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Alison Simmons [10]Alison J. Simmons [1]
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Profile: Alison Simmons (Harvard University)
  1. Alison Simmons (2012). Cartesian Consciousness Reconsidered. Philosophers' Imprint 12 (2).
    Descartes revolutionized our conception of the mind by identifying consciousness as the mark of the mental: all and only thoughts are conscious. Today the idea that all thoughts are conscious seems obviously wrong. Worse, however, Descartes himself seems to posit a whole host of unconscious thoughts. Something is not as it seems. Either Descartes is remarkably inconsistent, or his claim that all thought is conscious is more nuanced than it appears. In this paper I argue that while Descartes was indeed (...)
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  2. Alison Simmons (2011). Leibnizian Consciousness Reconsidered. Studia Leibnitiana 43 (2):196-215.
     
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  3. Alison Simmons (2003). Descartes on the Cognitive Structure of Sensory Experience. Philosophy and Phenomenological Research 67 (3):549–579.
    Descartes is often thought to bifurcate sensory experience into two distinct cognitive components: the sensing of secondary qualities and the more or less intellectual perceiving of primary qualities. A closer examination of his analysis of sensory perception in the Sixth Replies and his treatment of sensory processing in the Dioptrics and Treatise on Man teIls a different story. I argue that Descartes offers a unified cognitive account of sensory experience according to which the senses and intellect operate together to produce (...)
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  4. Alison Simmons (2003). Spatial Perception From a Cartesian Point of View. Philosophical Topics 31 (1/2):395-423.
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  5. Alison Simmons (2001). Changing the Cartesian Mind: Leibniz on Sensation, Representation and Consciousness. Philosophical Review 110 (1):31-75.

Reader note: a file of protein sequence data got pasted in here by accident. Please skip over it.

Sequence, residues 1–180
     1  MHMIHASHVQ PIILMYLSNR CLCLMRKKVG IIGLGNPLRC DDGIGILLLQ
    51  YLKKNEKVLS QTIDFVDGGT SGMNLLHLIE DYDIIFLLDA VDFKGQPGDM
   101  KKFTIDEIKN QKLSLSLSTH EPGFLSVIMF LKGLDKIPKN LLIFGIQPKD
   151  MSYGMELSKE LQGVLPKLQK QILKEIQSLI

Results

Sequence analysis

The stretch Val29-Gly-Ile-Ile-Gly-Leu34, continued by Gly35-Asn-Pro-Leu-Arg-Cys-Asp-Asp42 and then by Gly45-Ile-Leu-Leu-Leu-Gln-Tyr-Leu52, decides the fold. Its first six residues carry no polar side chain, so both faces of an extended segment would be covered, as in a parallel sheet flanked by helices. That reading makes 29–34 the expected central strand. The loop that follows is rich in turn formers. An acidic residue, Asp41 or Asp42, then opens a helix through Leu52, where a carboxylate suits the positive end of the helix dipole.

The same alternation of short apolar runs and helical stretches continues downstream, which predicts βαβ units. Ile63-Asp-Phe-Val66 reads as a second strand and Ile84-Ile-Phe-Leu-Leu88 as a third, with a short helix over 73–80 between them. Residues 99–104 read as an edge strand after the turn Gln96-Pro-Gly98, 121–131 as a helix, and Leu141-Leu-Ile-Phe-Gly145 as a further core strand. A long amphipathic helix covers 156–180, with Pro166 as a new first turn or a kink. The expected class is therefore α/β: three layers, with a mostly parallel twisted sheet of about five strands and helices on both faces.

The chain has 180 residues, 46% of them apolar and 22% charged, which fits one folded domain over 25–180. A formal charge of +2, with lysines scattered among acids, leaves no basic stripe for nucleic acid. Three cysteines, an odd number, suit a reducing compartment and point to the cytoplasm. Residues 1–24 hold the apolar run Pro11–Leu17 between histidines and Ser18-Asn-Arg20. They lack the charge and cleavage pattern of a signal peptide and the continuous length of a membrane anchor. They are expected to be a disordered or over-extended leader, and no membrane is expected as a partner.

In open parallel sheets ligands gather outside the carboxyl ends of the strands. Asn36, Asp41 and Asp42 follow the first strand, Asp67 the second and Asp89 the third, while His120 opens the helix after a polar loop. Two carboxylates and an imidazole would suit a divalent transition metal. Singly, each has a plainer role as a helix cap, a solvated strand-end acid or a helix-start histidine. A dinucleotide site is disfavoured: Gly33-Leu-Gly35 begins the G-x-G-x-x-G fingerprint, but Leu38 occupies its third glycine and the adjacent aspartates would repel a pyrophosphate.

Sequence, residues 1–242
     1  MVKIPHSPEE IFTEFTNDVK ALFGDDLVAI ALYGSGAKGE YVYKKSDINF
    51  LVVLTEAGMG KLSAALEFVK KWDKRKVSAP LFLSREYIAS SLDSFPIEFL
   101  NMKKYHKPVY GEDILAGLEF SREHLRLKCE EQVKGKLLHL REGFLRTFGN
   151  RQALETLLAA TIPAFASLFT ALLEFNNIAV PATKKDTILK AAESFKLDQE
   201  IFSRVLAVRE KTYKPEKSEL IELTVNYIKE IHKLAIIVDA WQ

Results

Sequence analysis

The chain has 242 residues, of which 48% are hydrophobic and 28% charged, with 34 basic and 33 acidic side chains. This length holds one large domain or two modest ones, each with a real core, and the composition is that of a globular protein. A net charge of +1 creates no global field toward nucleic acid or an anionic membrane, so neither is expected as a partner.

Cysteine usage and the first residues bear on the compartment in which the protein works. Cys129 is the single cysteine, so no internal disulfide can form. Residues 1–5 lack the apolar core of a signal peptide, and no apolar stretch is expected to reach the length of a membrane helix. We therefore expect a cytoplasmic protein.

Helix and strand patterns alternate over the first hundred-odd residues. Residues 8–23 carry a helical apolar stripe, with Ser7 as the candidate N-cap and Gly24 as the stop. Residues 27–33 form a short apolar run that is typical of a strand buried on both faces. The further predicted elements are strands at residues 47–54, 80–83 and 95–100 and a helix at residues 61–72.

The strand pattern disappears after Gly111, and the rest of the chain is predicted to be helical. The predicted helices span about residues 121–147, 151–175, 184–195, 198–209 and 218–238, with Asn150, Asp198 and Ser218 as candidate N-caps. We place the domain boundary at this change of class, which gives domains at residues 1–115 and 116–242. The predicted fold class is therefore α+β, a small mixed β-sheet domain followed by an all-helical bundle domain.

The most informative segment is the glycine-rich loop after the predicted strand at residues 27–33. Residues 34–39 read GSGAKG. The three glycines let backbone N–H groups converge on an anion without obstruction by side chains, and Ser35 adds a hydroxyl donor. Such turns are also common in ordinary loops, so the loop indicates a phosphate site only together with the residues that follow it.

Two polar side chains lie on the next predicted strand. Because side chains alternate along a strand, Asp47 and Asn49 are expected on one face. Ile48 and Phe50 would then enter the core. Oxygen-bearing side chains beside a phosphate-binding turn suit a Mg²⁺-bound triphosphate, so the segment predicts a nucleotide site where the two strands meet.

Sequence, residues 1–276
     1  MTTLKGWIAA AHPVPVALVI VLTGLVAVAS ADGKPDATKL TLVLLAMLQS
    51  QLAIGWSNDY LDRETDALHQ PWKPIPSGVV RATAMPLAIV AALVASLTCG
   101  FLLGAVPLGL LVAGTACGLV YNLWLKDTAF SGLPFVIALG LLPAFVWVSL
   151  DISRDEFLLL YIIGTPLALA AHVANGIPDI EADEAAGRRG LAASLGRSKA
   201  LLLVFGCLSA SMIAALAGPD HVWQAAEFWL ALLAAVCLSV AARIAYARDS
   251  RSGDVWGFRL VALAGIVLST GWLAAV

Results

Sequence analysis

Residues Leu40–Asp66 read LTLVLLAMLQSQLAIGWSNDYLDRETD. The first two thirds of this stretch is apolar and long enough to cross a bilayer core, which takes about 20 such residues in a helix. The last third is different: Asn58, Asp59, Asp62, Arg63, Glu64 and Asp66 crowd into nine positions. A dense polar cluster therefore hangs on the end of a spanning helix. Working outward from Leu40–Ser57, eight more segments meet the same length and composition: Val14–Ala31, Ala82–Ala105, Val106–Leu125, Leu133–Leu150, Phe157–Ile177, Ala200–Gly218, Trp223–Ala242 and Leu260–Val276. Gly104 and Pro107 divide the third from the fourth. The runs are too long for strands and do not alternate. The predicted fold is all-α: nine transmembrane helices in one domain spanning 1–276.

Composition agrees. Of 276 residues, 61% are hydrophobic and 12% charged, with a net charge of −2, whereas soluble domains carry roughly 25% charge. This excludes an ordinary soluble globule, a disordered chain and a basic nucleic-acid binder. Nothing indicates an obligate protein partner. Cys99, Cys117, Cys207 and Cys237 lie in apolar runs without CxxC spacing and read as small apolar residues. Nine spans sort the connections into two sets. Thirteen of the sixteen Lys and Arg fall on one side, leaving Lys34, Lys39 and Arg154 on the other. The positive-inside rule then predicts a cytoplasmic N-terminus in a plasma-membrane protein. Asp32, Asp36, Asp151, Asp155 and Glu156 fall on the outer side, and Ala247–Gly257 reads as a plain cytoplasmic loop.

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  6. Alison Simmons (2001). Shaftesbury's Two Accounts of the Reason to Be Virtuous, MICHAEL B. GILL. Journal of the History of Philosophy 39 (1).
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  7. Alison J. Simmons (2001). Sensible Ends: Latent Teleology in Descartes' Account of Sensation. Journal of the History of Philosophy 39 (1):49-75.
  8. Alison Simmons (1999). Are Cartesian Sensations Representational? Noûs 33 (3):347-369.
  9. Arash Sahraie, Lawrence Weiskrantz, J. L. Barbur, Alison Simmons & M. Brammer (1997). Pattern of Neuronal Activity Associated with Conscious and Unconscious Processing of Visual Signals. Proceedings of the National Academy of Sciences Usa 94:9406-9411.
  10. Alison Simmons (1996). Reason, Will, and Sensation. Philosophical Review 105 (4):536-538.
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  11. Alison Simmons (1994). Explaining Sense Perception: A Scholastic Challenge. Philosophical Studies 73 (2-3):257 - 275.
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